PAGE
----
Last week, the FCC issued a Public Notice asking for information as to the compliance of television broadcasters with their obligations to provide programming that addresses the educational and informational needs of children.  While the Notice indicates that it is a follow-up to the 2004 Order addressing the children’s broadcasting obligations of digital television broadcasters, the notice also refers to the $24 million settlement with Univision to resolve allegations that it had misclassified entertainment programming as being educational programming addressed to children.  The Commission asks questions in its notice as to whether television broadcasters are complying with the rules, and whether the rules provide sufficient guidance to broadcasters as to what kind of programming satisfies the rules for educational broadcasting.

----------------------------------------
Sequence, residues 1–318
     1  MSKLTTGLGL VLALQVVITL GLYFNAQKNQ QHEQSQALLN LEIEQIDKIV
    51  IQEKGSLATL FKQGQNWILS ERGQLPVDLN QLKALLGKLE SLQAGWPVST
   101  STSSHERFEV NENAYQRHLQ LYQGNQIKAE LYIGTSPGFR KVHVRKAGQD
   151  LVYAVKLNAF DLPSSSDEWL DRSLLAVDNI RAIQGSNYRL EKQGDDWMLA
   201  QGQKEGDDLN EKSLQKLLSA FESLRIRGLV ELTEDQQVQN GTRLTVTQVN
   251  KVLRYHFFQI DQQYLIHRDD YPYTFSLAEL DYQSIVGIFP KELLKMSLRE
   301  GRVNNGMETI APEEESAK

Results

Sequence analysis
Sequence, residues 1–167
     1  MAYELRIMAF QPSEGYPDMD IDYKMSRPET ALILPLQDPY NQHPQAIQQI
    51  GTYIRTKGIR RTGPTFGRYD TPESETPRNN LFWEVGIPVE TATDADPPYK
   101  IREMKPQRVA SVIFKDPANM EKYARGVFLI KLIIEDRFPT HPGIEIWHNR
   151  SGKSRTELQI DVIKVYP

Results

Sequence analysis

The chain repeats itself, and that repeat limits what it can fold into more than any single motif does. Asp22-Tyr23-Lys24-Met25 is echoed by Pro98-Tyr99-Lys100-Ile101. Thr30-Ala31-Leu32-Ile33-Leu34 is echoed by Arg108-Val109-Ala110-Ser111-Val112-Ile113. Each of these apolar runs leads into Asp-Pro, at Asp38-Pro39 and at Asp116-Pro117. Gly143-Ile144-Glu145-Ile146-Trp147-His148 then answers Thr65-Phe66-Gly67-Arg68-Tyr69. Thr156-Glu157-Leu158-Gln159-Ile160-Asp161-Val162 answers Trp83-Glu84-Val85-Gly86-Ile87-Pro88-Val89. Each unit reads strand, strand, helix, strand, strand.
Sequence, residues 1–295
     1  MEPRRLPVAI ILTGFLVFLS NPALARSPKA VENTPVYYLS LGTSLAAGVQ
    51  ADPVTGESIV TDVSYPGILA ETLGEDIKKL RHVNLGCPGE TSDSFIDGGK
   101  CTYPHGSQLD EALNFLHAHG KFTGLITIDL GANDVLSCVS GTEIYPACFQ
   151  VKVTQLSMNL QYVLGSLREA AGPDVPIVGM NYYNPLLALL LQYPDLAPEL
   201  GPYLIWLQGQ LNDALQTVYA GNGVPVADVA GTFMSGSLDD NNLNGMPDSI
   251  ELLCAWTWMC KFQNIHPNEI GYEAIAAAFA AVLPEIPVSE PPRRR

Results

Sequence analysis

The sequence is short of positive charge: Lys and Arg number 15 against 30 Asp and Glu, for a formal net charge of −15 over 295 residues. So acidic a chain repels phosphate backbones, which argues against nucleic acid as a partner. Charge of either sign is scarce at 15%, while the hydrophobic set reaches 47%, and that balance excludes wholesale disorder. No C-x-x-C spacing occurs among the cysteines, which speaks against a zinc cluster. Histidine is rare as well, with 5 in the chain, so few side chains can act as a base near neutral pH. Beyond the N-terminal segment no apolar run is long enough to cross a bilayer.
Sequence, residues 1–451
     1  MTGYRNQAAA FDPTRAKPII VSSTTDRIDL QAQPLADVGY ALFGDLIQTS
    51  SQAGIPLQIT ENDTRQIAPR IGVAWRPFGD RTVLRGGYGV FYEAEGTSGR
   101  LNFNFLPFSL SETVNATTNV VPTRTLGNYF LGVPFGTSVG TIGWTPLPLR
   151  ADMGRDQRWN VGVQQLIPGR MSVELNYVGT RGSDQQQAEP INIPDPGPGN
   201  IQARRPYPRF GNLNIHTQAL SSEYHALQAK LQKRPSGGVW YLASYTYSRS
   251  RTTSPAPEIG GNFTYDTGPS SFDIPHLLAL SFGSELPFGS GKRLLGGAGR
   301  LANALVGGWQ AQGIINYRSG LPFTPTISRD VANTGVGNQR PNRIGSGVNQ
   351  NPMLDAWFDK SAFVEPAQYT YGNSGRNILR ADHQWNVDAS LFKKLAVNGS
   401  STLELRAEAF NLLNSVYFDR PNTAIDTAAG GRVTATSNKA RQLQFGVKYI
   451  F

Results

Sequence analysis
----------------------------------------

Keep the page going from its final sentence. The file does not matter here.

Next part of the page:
We wrote about the Univision settlement agreement, here.  It is interesting that the FCC, after issuing the largest broadcast fine in history to Univision, apparently rejecting the arguments that Univision made that its programming was in compliance, now asks whether the rules provide enough guidance for broadcasters to know whether or not particular programs comply.  As we’ve written before in many contexts, whenever the government gets into issues of defining when speech is acceptable or not, guidelines and limits are difficult or impossible to establish.  Nevertheless, the Commission is now asking that parties help to clarify the definition of educational programming directed to children.  Comments are due 30 days after publication of this Notice in the Federal Register, and reply comments are due 15 days later.